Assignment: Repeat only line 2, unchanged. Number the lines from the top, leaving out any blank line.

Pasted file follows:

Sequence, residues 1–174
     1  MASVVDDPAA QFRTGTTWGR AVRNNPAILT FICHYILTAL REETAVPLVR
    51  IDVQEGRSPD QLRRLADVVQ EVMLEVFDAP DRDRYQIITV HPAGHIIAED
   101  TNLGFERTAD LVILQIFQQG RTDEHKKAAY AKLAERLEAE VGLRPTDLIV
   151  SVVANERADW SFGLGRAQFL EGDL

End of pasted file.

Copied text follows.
     1  MASVVDDPAA QFRTGTTWGR AVRNNPAILT FICHYILTAL REETAVPLVR